Also not technically a short story, I guess, but a piece of narrative non-fiction. Still, it’s short, it’s telling a story, and it’s stone-cold brilliant, so I’m claiming it. Does a story have to be fiction? I think not, on balance – but possibly that’s a conversation for later. I read this piece this year, following on from a trip to the wonderful Arvon Centre at Totleigh Barton, where I sat in on what can only be described as a masterclass on editing by Ellah Wakatama Allfrey. I missed the reading in advance, but was so intrigued by this piece, which the class discussed at length, I tracked it down afterwards, and was blown away.
In a series of diary entries, Liberian author Hawa Jande Golakai describes her engagement with the 2014 Ebola crisis, which took root in Guinea, across the border, before spreading further afield. She considers the epidemic as an epidemic (she trained and worked as a medical immunologist), as a reminder of the laziness of western assumptions about Africa and Africanness (in this way it reminded me of Aida Edemariam’s brilliant book The Wife’s Tale, which talked about the West’s framing of and response to the 1984 Ethiopian famine – how little things have changed), and as a lens through which to view her own relationship with her country, her new and still fragile identity as a writer, her life. Ebola feels distant, and other, and then circles closer and closer, forcing her to look at it, and at the decisions she’s made.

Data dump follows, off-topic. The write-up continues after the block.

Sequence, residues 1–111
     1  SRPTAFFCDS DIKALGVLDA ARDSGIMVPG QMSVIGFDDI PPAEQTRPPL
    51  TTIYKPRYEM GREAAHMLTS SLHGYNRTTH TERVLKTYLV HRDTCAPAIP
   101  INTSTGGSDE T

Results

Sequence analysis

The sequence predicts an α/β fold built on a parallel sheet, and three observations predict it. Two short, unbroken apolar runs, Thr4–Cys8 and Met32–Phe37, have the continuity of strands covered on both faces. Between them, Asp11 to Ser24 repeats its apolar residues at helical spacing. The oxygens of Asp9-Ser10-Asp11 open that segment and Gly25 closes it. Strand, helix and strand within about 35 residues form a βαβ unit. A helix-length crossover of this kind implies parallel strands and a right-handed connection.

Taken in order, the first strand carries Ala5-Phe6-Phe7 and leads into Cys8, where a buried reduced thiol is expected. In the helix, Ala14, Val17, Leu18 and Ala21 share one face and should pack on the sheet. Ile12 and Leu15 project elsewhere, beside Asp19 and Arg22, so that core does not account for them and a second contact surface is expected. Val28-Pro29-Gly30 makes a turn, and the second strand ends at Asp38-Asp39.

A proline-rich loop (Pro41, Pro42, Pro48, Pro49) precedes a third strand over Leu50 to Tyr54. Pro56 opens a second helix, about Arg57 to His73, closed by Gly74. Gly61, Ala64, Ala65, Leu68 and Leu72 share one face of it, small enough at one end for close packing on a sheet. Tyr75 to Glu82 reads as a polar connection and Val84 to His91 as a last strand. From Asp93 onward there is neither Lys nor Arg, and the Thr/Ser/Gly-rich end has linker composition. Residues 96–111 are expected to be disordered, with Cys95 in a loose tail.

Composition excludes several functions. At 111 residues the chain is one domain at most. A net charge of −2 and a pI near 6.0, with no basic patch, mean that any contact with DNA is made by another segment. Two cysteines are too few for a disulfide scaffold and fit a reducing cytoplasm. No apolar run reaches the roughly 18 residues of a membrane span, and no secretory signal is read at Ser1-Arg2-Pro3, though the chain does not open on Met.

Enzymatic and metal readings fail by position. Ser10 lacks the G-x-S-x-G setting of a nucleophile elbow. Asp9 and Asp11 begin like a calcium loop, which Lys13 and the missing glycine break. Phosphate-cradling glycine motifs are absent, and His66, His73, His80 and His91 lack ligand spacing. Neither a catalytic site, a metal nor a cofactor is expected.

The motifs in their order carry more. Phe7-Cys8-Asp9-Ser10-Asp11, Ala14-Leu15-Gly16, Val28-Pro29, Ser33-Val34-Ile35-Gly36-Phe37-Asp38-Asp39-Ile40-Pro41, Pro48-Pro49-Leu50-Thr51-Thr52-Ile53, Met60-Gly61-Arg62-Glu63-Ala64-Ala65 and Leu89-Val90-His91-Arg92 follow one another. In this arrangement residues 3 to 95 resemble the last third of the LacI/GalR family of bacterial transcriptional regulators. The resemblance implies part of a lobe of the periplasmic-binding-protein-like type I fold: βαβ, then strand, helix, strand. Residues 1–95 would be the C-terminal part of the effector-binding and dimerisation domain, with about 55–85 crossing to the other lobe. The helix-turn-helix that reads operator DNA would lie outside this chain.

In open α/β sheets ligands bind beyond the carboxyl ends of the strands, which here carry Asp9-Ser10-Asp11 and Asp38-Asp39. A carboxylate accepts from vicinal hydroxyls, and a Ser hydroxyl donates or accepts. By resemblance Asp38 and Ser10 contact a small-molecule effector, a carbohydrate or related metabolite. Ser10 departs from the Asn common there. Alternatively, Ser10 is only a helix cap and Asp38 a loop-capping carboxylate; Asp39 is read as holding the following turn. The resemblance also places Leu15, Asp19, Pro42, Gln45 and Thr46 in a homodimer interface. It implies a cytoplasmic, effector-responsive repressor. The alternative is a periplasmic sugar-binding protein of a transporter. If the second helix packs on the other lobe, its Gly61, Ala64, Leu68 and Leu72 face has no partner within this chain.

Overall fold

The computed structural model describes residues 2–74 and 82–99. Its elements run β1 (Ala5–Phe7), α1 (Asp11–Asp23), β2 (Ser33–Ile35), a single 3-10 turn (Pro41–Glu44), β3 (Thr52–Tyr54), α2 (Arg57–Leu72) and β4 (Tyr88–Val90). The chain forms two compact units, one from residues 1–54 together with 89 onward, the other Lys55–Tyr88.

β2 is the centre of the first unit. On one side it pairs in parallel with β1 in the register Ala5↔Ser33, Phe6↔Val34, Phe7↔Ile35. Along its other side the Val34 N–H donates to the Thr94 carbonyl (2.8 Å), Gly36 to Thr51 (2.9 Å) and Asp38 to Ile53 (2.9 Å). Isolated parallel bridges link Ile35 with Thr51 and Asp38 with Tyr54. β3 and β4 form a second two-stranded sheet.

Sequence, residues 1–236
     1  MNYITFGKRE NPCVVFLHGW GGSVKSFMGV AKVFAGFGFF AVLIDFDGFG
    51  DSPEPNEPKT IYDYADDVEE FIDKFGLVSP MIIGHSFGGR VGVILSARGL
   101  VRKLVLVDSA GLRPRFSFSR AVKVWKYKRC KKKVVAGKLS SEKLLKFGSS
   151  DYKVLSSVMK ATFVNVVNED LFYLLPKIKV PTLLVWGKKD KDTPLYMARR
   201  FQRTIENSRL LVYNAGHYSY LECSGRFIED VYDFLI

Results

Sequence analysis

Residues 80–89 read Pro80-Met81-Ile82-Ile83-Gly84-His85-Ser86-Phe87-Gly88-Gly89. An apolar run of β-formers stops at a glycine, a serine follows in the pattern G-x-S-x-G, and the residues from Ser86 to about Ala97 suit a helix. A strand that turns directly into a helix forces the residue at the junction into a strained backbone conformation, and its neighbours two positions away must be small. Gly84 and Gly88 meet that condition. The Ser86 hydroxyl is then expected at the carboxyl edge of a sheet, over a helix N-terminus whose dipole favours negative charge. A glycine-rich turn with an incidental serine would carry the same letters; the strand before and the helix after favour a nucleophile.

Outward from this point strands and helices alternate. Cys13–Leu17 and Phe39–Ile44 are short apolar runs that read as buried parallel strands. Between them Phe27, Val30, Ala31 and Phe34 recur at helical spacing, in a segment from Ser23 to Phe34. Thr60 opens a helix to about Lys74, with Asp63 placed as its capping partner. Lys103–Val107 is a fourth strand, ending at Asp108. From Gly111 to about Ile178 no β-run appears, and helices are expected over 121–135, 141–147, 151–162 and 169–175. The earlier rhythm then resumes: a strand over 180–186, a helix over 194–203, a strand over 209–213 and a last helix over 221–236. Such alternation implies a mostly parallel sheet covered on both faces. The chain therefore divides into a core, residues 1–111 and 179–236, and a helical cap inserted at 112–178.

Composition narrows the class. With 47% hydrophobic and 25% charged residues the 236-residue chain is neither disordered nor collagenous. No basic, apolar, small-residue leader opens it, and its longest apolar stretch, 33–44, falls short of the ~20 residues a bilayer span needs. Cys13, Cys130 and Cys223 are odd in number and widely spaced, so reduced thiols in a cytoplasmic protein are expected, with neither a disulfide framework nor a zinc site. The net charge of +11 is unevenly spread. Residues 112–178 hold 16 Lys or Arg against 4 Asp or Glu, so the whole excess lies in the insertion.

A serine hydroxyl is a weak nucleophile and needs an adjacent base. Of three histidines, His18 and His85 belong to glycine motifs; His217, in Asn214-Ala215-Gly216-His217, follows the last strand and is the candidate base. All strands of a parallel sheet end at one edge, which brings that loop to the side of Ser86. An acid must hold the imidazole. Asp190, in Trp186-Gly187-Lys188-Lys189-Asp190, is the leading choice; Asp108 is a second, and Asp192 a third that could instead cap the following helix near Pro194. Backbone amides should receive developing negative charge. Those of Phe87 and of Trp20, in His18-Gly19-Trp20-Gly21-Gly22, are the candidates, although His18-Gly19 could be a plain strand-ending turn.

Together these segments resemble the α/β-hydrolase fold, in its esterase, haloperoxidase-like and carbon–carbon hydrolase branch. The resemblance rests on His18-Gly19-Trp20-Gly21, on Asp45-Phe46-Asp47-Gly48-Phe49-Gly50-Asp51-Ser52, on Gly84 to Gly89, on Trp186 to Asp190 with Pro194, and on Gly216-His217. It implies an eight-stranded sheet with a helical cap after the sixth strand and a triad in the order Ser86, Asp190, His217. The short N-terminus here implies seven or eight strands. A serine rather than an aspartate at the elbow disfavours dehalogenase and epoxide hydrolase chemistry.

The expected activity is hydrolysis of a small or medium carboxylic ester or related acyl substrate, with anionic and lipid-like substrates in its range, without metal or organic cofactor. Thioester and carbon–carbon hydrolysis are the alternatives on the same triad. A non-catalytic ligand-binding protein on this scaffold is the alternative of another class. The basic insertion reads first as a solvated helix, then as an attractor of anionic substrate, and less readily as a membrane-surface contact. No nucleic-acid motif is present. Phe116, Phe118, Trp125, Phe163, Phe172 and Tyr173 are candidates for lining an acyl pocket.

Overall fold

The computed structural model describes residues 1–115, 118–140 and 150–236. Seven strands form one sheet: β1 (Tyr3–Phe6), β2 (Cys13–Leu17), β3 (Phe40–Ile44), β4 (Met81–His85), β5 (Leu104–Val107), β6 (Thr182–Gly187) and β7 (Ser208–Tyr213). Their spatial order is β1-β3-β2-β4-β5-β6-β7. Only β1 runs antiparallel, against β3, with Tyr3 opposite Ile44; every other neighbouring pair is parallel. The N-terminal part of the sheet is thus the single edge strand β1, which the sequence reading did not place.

I love reading writers considering their own lives as texts – Lorna Sage did it brilliantly in Bad Blood; Laura Cumming’s On Chapel Sands is a fantastic recent example – and this is exactly what Golakai is doing so deftly and thought-provokingly here. She shifts registers with ease, and maximum impact: describing text-flirting with a possible lover one minute; border closures and aid agencies the next. It’s a catalogue of the mundanity of catastrophe, the dailiness of fear, the cigarette-paper gap between fury and guilt – and it is brightly, beautifully, brilliantly written.
Commissioned for the anthology Safe House,ed. Ellah Wakatama Allfrey, Cassava Republic Press, 2016. Subsequently published in Granta 134: No Man’s Land, April 2016 and available online here